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Are Athens-Area Wood Pellet Plants Clean Energy Producers or Polluters?

Three proposed facilities near Athens that turn trees into fuel for power plants could contribute to climate change, according to environmental groups, but other experts call wood pellets a renewable, cleaner alternative to coal.

The Dogwood Alliance, an Atlanta-based nonprofit dedicated to saving and sustaining forests, is organizing Athens residents against the three facilities. A company called E-Pellets recently acquired the old Louisiana Pacific particle-board factory off U.S. Highway 441; it has secured permits from the Georgia Environmental Protection Division and is awaiting a Jackson County Industrial Development Authority vote on a $110 million bond issue. Another company, Georgia Renewable Power, is building wood-pellet plants in Madison and Franklin counties, although the Comer plant has been delayed for unknown reasons, according to the Madison County Journal.

Since 2013, the wood pellet industry has grown exponentially, with the European Union responsible for the bulk of consumption, seeing it as a green alternative to coal. But according to the Dogwood Alliance and another environmental nonprofit, the Citizens Climate Lobby—which held a forum at the Athens-Clarke County library Nov. 30—companies are clear-cutting Southeastern forests to make wood pellets, and residents who live near processing plants can experience health problems from the plants’ emissions.

“One thing there is no question about is at the site of consumption, when the wood pellets are burned, it is worse for the climate than coal,” said Emily Zucchino, community network manager for the Dogwood Alliance. “There is more carbon released in the atmosphere.”

That’s not quite a fair comparison, said Ben Jackson, a professor at the University of Georgia’s Warnell School of Forestry and Natural Resources. “The issue is kind of confounded by the fact that when you’re using coal, you’re taking a resource out of the ground, and you’re creating CO2 as a result,” he said. “If you’re creating CO2 with trees, that was above ground already, and it’s being recycled back into the trees eventually, so it’s kind of like comparing apples to oranges.”

It’s also important to look at it from a landscape view, instead of site-specific, Jackson said. If you cut down even a whole patch of forest, there are still large amounts of forest around to make up for it. Georgia has 50 percent more forest than in 1960, he said, with 68 percent of the state covered in trees.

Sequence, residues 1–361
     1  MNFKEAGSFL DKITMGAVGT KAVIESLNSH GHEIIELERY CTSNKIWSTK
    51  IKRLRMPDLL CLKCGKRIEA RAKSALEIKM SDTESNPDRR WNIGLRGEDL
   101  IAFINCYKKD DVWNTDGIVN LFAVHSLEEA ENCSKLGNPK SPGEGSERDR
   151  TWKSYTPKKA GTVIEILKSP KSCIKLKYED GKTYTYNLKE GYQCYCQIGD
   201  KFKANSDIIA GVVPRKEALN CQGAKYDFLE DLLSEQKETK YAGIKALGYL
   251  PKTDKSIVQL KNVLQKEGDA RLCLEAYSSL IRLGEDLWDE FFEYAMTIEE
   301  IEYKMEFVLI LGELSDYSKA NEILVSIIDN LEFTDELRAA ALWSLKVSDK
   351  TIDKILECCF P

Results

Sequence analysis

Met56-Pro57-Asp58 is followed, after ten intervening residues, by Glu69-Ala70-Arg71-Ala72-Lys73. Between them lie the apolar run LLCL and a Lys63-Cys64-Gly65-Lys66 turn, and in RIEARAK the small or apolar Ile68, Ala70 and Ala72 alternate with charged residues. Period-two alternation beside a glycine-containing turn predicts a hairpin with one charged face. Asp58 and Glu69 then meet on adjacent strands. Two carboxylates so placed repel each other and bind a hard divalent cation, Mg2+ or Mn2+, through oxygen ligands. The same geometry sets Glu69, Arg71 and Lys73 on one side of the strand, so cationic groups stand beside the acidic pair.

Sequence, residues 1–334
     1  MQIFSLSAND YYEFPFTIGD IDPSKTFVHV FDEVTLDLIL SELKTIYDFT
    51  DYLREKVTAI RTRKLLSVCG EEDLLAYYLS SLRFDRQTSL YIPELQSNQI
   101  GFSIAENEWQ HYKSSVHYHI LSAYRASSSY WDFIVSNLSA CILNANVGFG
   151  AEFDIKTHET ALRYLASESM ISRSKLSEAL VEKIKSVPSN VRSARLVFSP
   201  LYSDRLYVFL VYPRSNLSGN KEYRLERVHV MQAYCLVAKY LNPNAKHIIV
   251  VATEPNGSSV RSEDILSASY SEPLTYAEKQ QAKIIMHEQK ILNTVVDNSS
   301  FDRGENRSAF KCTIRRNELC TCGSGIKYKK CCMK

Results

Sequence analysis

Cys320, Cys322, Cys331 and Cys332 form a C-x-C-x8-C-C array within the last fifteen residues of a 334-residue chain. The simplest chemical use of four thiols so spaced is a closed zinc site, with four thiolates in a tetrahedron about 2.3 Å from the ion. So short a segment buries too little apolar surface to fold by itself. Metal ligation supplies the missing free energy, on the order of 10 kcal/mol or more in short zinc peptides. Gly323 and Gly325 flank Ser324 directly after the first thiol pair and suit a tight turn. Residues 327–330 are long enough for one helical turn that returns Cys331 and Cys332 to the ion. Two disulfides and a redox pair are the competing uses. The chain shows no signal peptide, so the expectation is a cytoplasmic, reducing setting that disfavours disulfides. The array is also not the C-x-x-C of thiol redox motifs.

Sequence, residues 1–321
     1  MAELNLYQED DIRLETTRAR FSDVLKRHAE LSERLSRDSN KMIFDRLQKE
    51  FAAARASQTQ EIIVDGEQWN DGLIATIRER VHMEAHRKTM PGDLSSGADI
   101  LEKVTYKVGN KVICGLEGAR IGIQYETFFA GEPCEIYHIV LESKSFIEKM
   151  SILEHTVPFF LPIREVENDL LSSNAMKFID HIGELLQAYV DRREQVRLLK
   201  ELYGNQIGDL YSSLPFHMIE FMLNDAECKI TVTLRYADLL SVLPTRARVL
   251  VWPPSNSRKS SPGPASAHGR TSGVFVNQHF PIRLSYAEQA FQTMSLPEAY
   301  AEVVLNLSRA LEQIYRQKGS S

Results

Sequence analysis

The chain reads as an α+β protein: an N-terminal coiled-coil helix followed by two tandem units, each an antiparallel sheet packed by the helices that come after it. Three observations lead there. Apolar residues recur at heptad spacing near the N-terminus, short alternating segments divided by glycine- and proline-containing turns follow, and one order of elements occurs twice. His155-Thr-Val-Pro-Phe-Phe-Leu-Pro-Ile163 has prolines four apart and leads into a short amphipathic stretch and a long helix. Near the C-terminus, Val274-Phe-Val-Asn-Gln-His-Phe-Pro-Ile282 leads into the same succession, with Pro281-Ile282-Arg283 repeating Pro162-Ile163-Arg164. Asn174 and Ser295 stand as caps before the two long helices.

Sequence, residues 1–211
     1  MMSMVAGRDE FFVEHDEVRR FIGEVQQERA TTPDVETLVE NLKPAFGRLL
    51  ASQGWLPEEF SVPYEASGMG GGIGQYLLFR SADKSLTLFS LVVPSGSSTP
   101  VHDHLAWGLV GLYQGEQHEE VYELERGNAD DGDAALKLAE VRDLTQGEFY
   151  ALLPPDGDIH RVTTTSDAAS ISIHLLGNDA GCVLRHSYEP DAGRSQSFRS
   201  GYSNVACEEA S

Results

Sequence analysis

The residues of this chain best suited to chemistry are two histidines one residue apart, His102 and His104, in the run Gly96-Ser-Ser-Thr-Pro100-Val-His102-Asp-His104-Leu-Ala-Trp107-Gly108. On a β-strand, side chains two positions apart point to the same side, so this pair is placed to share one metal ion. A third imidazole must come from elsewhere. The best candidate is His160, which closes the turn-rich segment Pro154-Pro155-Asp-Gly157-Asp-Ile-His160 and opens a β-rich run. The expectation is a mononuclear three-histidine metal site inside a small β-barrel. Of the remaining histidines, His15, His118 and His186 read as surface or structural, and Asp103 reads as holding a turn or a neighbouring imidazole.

A big disagreement is over how long it takes for the forests to regrow, although most evidence points to pellet industries using leftover scraps from timber companies, not clear-cutting for their own purposes. The Dogwood Alliance gives an estimate of 40–60 years. Jackson said that, although woody biomass comes from different types of trees, pine forests grow back in 27–30 years, resembling mature forests after just 12.

“People are saying they’re taking solid trees, but that doesn’t make a whole lot of sense,” Jackson said. Landowners can get higher prices for their lumber from companies who are making higher-value products like furniture and buildings. “When you harvest a stand of trees, there’s always residual biomass left over [shavings, limbs, small trees, etc.], and that, for the most part, has been a target material that people have used to gather and use in pellet production,” Jackson said.

Aside from the environmental issues, wood pellet production poses threats to the communities where pellets are made, said Allie Halpert, the Dogwood Alliance’s Athens organizer. Health risks such as cancer, heart attacks, increased childhood asthma attacks, birth defects and strokes have all been linked to emissions from the facilities. “The biomass power plants poison their communities by emitting volatile organic compounds,” Halpert said.

While there are two sides to the argument, and research isn’t far enough along to have a complete understanding of the impact of the wood pellet industry, one thing is pretty clear: “It’s a highly inefficient source of energy,” Zucchino said.

Jackson doesn’t disagree. “Wood pellets are not ever going to supply a huge percentage of the power need of the U.S.,” he said. “They might in a little place like England, where they do a lot of imports. Here in this country, there’s not enough woody biomass to make a huge contribution to our needs. It can be part of it, but it’s not going to be a complete answer.”